Formula 1 News

Jarno Trulli raises his voice against "perfect cars"

The Lotus driver laments the lack of mechanical failures in modern F1, saying the sport lacks unpredictability.
Wednesday, June 29, 2011

June 28 (Andrés Rojas).- The Team Lotus driver remarks come after witnessing a race where all participants were able to finish, as it happened in the European Grand Prix of last Sunday. The Italian called the race: "most boring race of the year".

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"We've broken a new, previously unthinkable record in Valencia: all the 24 cars that started the race got to the finish: no failures, no retirements, no crashes," he wrote his Repubblicacolumn.

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"(Narain) Karthikeyan is the first driver in F1 history to finish 24th. Whether this is a positive or negative record, it depends on the driver and his ambitions. Perhaps I wouldn't like it."

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The F1 veteran added that the cars are too "perfect" these days and that takes away some of the excitement. However, this year, most of the races have been exciting and the new rules have contributed to that.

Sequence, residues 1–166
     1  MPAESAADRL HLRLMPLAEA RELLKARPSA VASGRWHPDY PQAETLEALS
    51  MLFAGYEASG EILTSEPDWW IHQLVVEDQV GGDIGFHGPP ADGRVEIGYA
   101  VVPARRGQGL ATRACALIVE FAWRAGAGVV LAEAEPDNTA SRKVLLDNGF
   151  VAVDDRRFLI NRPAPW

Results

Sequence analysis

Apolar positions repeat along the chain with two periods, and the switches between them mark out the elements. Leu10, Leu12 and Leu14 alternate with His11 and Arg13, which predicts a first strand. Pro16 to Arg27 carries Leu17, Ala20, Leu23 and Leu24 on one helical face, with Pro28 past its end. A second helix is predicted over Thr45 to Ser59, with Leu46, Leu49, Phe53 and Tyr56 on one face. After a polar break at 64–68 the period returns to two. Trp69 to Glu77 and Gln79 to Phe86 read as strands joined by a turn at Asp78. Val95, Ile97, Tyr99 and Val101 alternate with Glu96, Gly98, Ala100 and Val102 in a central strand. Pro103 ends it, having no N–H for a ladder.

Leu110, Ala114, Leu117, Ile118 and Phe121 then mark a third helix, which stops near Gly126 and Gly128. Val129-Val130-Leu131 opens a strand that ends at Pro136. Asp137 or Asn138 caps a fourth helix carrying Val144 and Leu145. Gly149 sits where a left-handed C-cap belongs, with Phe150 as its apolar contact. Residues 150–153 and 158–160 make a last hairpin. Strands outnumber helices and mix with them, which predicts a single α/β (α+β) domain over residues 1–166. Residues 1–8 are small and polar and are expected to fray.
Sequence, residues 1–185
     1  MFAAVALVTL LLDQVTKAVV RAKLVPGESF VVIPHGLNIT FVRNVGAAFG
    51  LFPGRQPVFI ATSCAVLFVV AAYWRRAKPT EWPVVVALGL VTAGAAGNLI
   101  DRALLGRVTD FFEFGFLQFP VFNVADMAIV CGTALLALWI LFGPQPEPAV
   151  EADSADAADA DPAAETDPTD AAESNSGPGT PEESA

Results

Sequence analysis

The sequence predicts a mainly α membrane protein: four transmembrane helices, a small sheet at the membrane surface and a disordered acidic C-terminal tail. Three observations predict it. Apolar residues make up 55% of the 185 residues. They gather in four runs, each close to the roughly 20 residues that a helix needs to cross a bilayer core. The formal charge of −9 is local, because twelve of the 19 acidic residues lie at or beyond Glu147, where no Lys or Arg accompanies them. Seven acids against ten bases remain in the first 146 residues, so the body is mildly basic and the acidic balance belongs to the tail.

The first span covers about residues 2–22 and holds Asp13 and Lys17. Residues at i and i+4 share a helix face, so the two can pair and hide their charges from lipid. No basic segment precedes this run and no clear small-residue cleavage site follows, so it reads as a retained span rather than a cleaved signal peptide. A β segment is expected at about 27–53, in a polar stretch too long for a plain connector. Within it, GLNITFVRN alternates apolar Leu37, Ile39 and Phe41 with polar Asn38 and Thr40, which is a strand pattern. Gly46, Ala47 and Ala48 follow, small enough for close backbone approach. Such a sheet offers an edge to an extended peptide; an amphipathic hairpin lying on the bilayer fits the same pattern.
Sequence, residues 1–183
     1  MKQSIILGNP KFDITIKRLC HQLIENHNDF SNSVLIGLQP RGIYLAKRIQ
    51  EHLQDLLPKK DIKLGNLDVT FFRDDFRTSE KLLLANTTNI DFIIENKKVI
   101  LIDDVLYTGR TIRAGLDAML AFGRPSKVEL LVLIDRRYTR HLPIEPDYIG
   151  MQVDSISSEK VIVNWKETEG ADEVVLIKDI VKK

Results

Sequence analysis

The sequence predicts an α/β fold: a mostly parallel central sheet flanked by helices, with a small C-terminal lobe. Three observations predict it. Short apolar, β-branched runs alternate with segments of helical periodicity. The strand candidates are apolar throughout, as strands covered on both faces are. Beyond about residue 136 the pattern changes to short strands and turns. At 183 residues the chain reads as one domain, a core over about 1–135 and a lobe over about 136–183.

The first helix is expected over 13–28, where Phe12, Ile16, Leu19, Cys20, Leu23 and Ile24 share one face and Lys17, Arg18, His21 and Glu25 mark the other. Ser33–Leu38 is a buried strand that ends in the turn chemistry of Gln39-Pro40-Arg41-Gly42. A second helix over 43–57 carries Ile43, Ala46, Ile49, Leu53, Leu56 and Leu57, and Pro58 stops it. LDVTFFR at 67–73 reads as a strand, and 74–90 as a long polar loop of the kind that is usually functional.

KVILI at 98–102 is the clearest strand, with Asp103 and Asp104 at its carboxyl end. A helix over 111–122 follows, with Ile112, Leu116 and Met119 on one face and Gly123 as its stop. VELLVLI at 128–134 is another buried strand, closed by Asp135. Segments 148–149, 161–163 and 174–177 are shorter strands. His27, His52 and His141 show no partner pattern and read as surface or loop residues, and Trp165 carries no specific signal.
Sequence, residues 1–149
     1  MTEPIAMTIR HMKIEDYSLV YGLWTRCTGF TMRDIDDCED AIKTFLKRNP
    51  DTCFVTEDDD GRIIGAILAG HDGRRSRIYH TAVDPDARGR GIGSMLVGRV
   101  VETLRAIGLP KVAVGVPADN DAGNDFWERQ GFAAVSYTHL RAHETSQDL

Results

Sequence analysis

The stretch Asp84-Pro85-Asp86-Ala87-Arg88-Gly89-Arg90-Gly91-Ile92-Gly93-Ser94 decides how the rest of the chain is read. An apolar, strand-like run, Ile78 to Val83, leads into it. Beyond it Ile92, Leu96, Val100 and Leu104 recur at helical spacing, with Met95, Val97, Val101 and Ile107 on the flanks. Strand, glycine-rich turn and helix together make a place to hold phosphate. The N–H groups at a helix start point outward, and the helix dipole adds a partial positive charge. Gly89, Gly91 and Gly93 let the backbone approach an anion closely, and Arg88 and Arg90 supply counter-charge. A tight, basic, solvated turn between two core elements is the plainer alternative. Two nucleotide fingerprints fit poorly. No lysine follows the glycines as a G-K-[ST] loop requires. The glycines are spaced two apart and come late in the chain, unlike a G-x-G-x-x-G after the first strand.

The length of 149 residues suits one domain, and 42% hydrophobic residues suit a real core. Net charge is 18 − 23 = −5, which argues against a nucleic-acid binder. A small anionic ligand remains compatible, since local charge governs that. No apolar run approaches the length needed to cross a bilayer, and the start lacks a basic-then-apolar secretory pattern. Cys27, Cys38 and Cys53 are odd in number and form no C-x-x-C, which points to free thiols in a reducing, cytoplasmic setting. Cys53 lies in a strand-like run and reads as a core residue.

"In any case, this record is a bit paradoxical and has a precise significance: the Valencia race in my opinion has indicated another winner, besides [Sebastian] Vettel as usual. That winner is technology," he said.

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"After having won hands down, in the last few years, the battle against the human element, ever less important in F1, it has ended up winning the philosophical battle against the unexpected and more generally against the unpredictable. Something that in our world is called 'mechanical failure'.”

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"Between 10 and 15 years ago, when I started racing (in F1), a driver knew how he'd start a race, but wouldn't know how he would finish it. In fact, he didn't even know whether he would finish it. Nowadays, instead, reliability has become ordinary: cars have four wheels and are reliable. I can't remember the last time an engine broke down in an F1 race. Constructors have become excellent at quality control and no detail is left to chance."

Even though part of his reasoning is valid, but the Italian seems to be slightly off in his analysis. No one can wish or pretend that technology does not more forward, and much less when that brings improvement in performance, a clear and palpable goal.

"This implies two things: the first is that the chances for a small team to get in the points have sensibly reduced; the second is a further loss of appeal for F1," he said. "It's no coincidence that the Valencia race has been the most boring of the year."

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